Naming a business is a struggle for many of us small business owners. Many of my website design clients are coaches and consultants and there is often a lot of indecision about whether or not to use their own name when they are choosing a domain and business name.
Coming up with the perfect name can be a major headache. In the first six weeks of his life my son had three different names as evidenced by the newspaper announcement, the photo album and finally the birth certificate. I registered his name on the 7th day of the sixth week, the deadline in the UK for registering your child’s birth and I remember stopping in a phone box on the way down to the registrar’s office to have a final name conflab with my husband.
It wasn’t that we were unsure what to call him, it was that we couldn’t agree with each other. (Those who know me, say nothing).
Now when it comes to naming your business you won’t get the opportunity to argue with your target market, they will vote with their feet if you don’t get this right so it’s no wonder we put a lot of energy into this important aspect.
Without doing a count-up I can be pretty sure that my coaching and consulting website clients are split about 50 / 50 on this. Coaching and consulting are personal, high value (read high investment) services so many clients opt to use their own name on their website, eg Marie Taylor Online, Fiona Jacob, Grace Marshall, Judith Morgan, Anne McGhee etc Their clients are buying them and their expertise so it makes sense to keep their own name prominent in the domain.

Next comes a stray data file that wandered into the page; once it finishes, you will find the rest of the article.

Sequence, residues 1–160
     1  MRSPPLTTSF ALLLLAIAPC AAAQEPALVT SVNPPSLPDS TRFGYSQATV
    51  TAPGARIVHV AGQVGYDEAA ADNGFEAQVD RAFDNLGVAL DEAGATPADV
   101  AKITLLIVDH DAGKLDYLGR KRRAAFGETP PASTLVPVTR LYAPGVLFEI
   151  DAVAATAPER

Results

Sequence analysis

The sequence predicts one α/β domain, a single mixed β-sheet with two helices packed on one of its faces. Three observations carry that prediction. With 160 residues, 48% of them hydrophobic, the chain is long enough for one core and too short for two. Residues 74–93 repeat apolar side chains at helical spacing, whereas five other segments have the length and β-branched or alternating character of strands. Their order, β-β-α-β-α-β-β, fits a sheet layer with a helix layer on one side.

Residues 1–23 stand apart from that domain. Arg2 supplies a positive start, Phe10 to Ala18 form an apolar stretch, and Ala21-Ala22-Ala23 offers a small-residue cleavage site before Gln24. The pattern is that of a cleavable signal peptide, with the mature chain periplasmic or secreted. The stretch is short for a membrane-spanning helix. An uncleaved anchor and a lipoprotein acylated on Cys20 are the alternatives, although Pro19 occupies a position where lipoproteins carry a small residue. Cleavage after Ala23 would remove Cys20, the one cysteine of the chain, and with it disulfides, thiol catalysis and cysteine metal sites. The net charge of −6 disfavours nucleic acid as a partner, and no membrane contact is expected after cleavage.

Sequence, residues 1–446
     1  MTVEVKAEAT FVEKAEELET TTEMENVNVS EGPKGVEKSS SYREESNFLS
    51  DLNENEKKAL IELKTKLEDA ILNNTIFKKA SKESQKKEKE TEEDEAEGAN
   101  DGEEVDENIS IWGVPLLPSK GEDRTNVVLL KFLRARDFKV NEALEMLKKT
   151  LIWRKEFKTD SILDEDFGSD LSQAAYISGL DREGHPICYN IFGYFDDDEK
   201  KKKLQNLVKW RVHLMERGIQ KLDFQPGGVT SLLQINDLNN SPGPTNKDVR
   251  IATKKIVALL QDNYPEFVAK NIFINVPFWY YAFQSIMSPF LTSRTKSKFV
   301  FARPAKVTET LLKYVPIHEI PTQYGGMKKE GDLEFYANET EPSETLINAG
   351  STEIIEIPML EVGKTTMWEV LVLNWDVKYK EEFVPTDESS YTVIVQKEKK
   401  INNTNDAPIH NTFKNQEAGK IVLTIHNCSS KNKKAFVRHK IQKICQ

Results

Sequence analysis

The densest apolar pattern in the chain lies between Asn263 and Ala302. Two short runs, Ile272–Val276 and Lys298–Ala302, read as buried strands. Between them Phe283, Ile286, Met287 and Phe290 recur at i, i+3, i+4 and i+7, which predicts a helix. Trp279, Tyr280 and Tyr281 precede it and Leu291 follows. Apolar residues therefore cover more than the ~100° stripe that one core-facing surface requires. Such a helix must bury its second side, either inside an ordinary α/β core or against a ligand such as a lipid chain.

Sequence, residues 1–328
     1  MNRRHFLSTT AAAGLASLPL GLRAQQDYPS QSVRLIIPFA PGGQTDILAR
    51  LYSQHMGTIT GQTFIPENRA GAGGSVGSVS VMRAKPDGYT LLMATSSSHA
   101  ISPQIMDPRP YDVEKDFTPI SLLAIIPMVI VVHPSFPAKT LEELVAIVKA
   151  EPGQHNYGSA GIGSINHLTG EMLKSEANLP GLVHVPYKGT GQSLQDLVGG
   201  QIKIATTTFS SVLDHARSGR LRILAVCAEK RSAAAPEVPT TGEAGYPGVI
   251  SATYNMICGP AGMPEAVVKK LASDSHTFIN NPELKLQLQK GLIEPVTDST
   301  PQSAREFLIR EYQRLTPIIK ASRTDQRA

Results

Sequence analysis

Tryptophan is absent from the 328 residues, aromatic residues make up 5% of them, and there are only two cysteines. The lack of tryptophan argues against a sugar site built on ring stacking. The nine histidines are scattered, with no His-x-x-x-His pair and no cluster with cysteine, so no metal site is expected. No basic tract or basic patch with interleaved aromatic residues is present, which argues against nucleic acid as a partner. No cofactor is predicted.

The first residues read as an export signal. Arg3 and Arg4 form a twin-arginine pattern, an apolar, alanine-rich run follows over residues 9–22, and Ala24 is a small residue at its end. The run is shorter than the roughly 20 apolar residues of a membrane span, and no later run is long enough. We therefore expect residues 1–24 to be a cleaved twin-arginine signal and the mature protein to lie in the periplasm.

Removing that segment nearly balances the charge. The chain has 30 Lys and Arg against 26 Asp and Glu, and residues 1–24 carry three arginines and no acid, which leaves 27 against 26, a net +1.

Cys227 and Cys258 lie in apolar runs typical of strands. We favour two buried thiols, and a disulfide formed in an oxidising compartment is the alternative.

Others prefer to use a name that suggests what they do, who they help or which has visual / metaphorical impact such as Ignite Consulting, Coefficient Coaching, Write Dance Training, Female Breadwinners etc.
Using your own name is the more straightforward choice but with a business name, it can suggest a larger organisation (watch this, it’s not always a plus), it can use an important keyword phrase and will be more appropriate where the business is not just about one individual but one that is likely to grow.
So back to the wretched question – how to come up with a great business name, particularly if you think you’re not that creative. Start simply with these three questions:
- What’s your primary offer eg coaching, Reiki, outplacement consultancy. Whether you use this in your business name or just in your strapline, web copy, page descriptions, it’s the obvious starting point. So obvious in fact that we don’t always remember that the world wide web is full of people who haven’t a clue who you are. Tell them.
- What benefits does your service bring? Healing, greater confidence, reduced stress, happier employees. Don’t just think about the obvious ones like ‘more time’ but about how your clients feel when they have ‘more time’ eg fulfilled, on purpose, full of vitality. Again write these down.
- What adjectives or verbs would you use to describe your offering? Would it be characterised as speedy, affordable, luxury, professional, heart-centred, wise..? Jot down any that come to mind.